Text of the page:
GKN shares fell 3% after the announcement of results that were broadly in line with expectations but accompanied by a somewhat muted outlook statement. Sales grew 2% organically and trading margins, excluding newly acquired Fokker, were stable at 9.2%. On GKN's own preferred measure of underlying performance, profits were flat at £603m, earnings per share were slightly reduced, reflecting the acquisition costs of Fokker and higher tax rates. The full year dividend rises 4% to 8.7 pence per share.
GKN is fast becoming an aerospace-oriented company. The acquisition of Volvo Aerospace a few years ago, and now the addition of Fokker has made Aerospace division look like a substantial business in its own right.
Sooner or later, the pressure will mount for GKN to do the splits, with Aerospace and Automotive going their own separate ways. But in the meantime, there is the pension fund deficit to hold the group together. At £1.5bn, this is not a trivial issue and GKN should be considered as rather more leveraged than just a cursory glance at the net debts of £769m would suggest.
The stock is not highly rated, as a result of both this de facto leverage, and also the volatility of automotive demand historically. Currently, GKN trades on less than 11x consensus EPS forecasts, which is well below the rating of many other UK industrials. But that ratio takes no account of the deficit.
The shares have been dullards of late, losing around a quarter of their value over the last year. The outlook statement for the Aerospace division is frankly uninspiring, and whilst Driveline is looking robust, the Land Systems division continues to drag. In a year's time, the Aerospace business should be through the programme transitions, be well advanced on restructuring and integrating Fokker to raise its margins and the picture should look brighter. On the dividend just announced, investors can expect a running yield of circa 3% to tide them through until then.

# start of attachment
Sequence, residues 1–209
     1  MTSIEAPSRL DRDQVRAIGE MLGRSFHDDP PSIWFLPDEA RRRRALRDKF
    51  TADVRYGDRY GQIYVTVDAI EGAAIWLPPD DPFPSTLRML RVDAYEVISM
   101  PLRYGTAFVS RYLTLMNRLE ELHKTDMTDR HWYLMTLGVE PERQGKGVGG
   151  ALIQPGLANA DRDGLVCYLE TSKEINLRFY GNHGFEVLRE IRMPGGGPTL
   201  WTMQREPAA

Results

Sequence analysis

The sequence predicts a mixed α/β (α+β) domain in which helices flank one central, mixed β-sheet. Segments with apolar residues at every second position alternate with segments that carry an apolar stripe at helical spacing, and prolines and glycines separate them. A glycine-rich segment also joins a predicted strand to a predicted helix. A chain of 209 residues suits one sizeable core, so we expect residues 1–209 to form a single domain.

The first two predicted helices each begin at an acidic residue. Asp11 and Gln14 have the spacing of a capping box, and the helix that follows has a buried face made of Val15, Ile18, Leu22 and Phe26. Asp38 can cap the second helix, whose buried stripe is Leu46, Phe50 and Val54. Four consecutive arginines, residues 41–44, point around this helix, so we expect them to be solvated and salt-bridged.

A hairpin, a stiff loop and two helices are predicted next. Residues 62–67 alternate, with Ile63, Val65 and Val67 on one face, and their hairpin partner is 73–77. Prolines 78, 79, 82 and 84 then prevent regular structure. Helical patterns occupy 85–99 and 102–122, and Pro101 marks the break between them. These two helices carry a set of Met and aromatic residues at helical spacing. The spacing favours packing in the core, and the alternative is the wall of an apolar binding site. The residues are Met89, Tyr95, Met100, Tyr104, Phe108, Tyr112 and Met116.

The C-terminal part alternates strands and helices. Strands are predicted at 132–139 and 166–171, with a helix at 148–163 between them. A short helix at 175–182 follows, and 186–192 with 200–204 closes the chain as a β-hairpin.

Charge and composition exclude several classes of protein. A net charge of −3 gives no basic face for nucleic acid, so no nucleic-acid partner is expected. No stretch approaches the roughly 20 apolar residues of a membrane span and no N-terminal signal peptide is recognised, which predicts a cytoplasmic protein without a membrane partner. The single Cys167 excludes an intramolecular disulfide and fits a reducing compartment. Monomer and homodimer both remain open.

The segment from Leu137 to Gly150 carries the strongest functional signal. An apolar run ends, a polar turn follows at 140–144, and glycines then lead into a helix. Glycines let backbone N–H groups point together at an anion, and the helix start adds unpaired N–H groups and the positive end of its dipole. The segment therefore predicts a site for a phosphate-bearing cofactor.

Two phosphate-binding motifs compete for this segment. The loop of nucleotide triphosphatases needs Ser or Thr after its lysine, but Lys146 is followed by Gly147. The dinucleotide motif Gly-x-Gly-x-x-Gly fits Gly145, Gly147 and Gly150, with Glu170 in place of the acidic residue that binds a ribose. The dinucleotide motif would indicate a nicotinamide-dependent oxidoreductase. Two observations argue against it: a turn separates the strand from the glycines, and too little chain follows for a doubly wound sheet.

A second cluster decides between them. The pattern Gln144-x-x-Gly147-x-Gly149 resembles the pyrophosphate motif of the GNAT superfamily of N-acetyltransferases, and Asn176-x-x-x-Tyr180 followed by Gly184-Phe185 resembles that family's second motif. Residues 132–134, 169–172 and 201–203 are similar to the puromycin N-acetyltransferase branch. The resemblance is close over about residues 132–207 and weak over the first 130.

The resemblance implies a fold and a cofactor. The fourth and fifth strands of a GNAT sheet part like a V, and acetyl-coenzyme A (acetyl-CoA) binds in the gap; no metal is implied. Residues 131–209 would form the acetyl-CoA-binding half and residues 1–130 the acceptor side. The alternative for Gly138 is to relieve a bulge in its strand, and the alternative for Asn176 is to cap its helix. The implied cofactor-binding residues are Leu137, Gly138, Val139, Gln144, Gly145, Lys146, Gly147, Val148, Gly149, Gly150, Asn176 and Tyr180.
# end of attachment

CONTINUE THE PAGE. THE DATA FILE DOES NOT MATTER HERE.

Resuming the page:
GKN Aerospace saw civil sales rise 6% but military revenues declined by 9%. New business of $3.5bn was won, for delivery in future years and margins were slightly lower, before the impact of Fokker.
GKN Driveline saw 5% organic sales growth, well ahead of global auto production as content per vehicle rose. Margins edged higher to 8.2% (2014: 8.1%) and annualised new and replacement business of £880m was won.
Powder Metallurgy saw margins rise from 11% to 12% and the business saw £185m of new or replacement business won. A Chinese JV was agreed in principle.
Land Systems got no easier, with sales down 6% in challenging agricultural and construction markets. Margins were 3.5% (2014: 5.7%) after incurring £11m of restructuring costs. £110m of new and replacement business was won.
GKN expect aerospace markets to be slightly down in 2016, reflecting the transition from older to newer programmes. Before Fokker, GKN expects broadly flat sales. Driveline and Powder Metallurgy are both expected to grow faster than the overall market growth of 3% that GKN expects to see. Land Systems will see a further sales decline. The addition of Fokker's earnings should help GKN to achieve a year of good growth.
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